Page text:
An alternative to the Open University law forum where all things legal can be discussed. Also for having a little chatter about other things.
14 Jul 2017
The topic of terrorism and whether or not torture is permitted against those so accused is a topic that is rife with complications and arguments back and fought. Sadly, the debate usually becomes emotional and intellectual reasoning falls at the wayside all too frequently. When it comes to human rights, the rule of thumb to remember is that rights apply to all not just the one! So think of yourself, your neighbour, your family and what rights apply to them, and then apply those same rights to those accused of terrorism and/any other crime. Keep in mind that The Rule of Law applies in all circumstances.
Keep in mind as I have said before in my post on the Rule of Law:
State intervention usually means the rule of law can be bent, twisted or downright broken. A case in point is the intervention of the State in Germany that led to Nazism and WW2.
So, we can see that the State has an important role to play in upholding rights and preventing abuse of power, even when involving terrorism and terrorists.
Yet, following major terrorist attacks such as September 11, 2001 (9/11) in the USA and July 7, 2005 (7/7) in London, many states began to take a relaxed approach towards the prohibition of torture. Usually, the explanations given is that the relaxation is in the interests of national security.
Protecting rights is not always easy as it means protecting those who are often despised by society and governments. The UK, for example, has been criticised by civil society organisations for taking a more relaxed approach to the prohibition against torture when dealing with suspected terrorists (Human Rights Watch, 2006).
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For a more comprehensive look at how terrorism changed the landscape of human rights, I recommend Chapter 11 of The Rule of Law by Tom Bingham. It is interesting to note that the USA and the UK differed in three ways when dealing with terrorism:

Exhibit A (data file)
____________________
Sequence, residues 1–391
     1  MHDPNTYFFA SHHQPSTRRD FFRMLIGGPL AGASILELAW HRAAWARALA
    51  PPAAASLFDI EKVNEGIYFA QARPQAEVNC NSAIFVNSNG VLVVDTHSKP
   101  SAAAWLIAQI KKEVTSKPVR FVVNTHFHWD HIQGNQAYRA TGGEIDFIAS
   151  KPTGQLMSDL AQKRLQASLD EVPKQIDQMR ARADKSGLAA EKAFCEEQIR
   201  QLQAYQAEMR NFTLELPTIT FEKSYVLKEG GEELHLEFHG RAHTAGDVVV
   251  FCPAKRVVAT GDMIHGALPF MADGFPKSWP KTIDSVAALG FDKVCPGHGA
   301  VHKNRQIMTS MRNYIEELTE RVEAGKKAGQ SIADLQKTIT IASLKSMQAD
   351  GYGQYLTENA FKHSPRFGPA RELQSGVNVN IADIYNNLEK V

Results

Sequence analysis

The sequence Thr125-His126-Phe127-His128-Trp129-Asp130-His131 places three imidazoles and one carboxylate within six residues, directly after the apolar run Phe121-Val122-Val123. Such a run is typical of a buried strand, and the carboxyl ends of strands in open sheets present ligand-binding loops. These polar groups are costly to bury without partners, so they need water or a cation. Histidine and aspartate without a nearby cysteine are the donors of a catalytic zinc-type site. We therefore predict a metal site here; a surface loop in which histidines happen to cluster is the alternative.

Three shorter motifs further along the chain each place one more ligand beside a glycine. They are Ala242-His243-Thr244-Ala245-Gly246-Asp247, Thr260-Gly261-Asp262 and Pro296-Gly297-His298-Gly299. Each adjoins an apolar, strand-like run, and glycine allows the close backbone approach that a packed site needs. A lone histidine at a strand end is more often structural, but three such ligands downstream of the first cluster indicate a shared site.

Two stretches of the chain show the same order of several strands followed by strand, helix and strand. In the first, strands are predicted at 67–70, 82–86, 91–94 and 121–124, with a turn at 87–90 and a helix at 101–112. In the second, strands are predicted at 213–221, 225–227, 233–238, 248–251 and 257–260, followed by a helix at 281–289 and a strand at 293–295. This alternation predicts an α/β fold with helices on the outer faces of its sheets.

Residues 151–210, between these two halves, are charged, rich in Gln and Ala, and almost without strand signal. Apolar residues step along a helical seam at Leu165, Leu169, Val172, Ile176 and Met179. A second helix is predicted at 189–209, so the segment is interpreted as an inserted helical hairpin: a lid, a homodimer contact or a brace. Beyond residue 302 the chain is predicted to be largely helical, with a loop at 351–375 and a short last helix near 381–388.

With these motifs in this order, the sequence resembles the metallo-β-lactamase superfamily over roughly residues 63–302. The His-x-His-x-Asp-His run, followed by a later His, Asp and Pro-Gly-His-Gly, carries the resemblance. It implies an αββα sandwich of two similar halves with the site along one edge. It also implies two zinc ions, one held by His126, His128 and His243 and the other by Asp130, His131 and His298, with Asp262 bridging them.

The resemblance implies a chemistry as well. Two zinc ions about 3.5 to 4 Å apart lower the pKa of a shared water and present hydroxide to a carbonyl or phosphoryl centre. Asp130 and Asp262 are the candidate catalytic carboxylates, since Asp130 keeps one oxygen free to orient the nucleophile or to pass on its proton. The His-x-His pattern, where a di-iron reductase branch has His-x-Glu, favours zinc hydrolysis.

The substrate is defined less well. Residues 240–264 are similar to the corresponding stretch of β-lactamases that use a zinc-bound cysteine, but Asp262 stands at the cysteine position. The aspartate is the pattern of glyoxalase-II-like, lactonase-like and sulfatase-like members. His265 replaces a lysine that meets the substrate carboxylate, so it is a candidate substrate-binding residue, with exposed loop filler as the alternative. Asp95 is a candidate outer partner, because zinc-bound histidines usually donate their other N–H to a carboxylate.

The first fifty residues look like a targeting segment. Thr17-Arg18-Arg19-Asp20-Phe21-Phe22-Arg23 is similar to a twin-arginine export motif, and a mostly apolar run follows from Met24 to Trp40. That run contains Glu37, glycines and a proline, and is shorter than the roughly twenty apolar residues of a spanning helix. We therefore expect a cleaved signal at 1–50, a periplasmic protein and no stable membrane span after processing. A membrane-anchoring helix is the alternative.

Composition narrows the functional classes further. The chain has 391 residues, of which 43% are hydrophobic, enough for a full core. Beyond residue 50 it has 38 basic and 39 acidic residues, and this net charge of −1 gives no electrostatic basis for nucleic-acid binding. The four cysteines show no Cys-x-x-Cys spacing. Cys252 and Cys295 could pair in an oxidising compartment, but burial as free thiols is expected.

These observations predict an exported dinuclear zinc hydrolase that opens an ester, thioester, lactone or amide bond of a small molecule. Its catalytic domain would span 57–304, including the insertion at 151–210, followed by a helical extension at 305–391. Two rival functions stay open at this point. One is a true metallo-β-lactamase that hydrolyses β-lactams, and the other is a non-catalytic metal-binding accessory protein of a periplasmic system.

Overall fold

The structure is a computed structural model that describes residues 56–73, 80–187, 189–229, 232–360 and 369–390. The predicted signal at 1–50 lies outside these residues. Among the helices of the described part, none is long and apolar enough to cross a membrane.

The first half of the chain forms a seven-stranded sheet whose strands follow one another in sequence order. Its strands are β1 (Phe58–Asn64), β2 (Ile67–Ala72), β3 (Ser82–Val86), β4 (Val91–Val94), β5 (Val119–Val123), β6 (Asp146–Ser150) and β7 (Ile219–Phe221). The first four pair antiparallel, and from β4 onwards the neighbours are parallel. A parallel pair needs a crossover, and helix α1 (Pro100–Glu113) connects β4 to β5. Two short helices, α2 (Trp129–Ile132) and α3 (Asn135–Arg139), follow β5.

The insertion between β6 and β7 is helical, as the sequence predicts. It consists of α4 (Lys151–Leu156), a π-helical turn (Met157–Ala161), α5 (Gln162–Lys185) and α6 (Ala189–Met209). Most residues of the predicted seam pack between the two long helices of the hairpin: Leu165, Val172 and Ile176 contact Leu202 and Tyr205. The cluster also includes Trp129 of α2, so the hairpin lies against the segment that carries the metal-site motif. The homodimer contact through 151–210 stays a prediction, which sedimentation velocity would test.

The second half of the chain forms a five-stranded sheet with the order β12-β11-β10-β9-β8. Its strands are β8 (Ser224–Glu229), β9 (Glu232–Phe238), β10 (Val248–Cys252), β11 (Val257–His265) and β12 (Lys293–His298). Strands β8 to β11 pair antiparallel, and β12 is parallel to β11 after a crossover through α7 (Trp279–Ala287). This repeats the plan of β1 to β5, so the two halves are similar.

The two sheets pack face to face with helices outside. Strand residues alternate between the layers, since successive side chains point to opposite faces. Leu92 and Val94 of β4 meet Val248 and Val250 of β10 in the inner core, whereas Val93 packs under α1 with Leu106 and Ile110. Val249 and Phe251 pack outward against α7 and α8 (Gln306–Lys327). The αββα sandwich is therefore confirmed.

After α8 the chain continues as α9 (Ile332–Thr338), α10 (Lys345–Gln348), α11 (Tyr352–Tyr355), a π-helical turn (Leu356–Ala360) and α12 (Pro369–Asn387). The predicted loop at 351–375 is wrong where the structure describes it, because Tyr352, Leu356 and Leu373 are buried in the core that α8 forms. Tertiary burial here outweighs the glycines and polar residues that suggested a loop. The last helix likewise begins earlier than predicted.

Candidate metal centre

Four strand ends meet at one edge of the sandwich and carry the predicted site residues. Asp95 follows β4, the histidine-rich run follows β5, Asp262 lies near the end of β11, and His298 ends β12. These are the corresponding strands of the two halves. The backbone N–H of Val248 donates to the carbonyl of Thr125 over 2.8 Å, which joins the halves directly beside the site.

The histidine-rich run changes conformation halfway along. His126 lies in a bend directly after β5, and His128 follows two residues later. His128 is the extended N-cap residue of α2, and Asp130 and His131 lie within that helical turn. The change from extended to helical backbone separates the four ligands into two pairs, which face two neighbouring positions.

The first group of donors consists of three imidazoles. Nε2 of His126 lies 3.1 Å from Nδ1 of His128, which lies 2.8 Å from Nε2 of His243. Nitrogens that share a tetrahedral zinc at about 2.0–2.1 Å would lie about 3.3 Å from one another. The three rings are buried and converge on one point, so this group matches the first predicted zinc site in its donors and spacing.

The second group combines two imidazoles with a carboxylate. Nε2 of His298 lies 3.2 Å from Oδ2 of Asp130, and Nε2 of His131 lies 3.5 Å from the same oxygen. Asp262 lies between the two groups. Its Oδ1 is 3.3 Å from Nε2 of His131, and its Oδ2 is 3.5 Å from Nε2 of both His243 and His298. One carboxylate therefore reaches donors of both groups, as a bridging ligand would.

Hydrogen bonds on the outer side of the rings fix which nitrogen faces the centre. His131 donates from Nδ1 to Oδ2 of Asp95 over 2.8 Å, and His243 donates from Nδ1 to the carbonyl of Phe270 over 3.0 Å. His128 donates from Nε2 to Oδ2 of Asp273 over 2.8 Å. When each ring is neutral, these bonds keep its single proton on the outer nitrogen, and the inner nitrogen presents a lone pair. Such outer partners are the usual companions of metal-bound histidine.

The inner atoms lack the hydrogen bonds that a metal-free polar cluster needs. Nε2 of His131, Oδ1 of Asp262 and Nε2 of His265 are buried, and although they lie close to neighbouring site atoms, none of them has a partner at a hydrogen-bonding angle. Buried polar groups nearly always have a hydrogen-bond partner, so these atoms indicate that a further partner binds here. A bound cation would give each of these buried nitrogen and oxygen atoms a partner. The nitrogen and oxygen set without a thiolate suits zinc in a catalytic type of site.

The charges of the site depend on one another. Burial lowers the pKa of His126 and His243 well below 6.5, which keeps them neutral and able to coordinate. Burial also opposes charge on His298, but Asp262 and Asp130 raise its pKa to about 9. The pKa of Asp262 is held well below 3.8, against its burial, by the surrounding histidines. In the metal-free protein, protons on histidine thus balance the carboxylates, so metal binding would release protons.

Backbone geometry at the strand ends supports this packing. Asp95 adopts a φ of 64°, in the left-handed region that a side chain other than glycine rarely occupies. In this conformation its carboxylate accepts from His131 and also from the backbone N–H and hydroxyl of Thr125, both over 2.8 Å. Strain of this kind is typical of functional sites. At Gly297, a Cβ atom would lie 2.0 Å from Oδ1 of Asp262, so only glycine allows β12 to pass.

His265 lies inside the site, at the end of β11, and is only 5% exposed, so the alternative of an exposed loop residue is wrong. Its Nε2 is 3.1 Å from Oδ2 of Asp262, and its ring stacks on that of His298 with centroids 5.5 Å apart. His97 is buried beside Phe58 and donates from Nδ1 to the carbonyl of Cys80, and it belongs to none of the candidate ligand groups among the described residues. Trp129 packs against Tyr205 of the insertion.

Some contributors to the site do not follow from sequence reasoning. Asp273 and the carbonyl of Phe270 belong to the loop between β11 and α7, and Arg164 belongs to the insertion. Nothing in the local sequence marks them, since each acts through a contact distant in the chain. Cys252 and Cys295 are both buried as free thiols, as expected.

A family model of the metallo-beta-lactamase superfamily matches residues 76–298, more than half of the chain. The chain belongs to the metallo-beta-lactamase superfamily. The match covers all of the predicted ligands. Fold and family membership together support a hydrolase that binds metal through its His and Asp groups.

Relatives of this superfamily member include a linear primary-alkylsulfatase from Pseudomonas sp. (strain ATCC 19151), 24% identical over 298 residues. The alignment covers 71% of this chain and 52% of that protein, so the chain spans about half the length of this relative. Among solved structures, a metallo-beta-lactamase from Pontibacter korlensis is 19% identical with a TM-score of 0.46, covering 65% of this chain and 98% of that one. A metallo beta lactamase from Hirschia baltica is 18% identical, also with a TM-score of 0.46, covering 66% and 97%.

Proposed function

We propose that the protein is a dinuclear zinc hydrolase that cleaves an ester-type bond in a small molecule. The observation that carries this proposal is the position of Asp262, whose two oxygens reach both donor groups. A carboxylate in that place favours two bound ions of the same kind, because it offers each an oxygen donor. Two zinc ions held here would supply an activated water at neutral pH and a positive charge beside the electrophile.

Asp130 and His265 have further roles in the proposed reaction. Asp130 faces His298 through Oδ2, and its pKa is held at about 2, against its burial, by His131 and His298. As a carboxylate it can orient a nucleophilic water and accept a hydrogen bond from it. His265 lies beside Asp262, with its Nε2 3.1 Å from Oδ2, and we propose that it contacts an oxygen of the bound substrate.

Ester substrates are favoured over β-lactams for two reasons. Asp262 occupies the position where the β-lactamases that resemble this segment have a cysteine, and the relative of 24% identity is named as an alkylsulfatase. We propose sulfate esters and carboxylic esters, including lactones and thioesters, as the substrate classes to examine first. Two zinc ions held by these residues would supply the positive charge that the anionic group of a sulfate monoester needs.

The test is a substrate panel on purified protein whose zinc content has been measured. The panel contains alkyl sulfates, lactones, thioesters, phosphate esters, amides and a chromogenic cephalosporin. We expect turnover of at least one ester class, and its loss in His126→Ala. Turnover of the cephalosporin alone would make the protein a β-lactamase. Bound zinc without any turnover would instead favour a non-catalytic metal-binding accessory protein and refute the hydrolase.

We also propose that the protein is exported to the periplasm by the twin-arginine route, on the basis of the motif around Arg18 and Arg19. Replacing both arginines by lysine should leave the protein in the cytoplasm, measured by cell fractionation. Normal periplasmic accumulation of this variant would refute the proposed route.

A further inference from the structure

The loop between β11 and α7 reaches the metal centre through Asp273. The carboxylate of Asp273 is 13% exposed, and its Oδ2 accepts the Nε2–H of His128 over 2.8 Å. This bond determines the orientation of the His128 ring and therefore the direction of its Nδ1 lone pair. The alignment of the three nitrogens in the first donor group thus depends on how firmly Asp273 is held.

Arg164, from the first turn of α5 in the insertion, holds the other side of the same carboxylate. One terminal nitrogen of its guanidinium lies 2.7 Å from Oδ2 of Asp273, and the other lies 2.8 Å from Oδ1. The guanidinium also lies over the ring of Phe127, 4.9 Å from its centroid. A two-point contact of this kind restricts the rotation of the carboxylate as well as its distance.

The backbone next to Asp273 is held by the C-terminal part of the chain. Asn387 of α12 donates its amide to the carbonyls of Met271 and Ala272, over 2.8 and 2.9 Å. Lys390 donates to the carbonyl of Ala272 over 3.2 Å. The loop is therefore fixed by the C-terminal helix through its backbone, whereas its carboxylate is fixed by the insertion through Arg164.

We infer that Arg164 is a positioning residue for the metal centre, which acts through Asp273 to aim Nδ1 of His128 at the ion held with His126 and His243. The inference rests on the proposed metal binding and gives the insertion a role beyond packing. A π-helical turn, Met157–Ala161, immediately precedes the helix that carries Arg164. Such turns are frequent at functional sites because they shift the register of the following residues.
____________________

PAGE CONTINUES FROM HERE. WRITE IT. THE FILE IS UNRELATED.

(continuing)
- The USA treats terrorists as war combatants while the UK treats them as criminals. This makes a great difference in applying the law.
- The USA Congress passed a Presidential Military Order which authorised detention of suspects at any designated location worldwide with no guarantee of a trial, and if tried, it would be before a military commission where the standards of evidence was lower than applicable in ordinary courts and where the death penalty could be imposed. In contrast Westminster Parliament did not confer any comparative powers on the executive in Britain.
- The UK courts cannot try a defendant brought into the country by rendition (unlawful seizing of a person in one country in order for him to stand trial in another country) because this is a breach of international law and is regarded as a blatant and extreme failure to adhere to the rule of law. In contrast, the US courts does not care how the defendant appears before it.
Further discussion is outside the scope of this level of the LLB.
11 Jul 2017
What is torture?
The Convention Against Torture and Other Cruel, Inhuman or Degrading Treatment or Punishment 1984 ("the convention") provides us with the definition:
"any act by which severe pain or suffering, whether physical or mental, is intentionally inflicted on a person for such purposes as obtaining from him or a third person information or a confession, punishing him for an act he or a third person has committed or is suspected of having committed, or intimidating or coercing him or a third person, or for any reason based on discrimination of any kind, when such pain or suffering is inflicted by or at the instigation of or with the consent or acquiescence of a public official or other person acting in an official capacity. It does not include pain or suffering arising only from, inherent in or incidental to lawful sanctions."
No exceptional circumstances whatsoever, whether a state of war or a threat of war, internal political instability or any other public emergency, may be invoked as a justification for torture.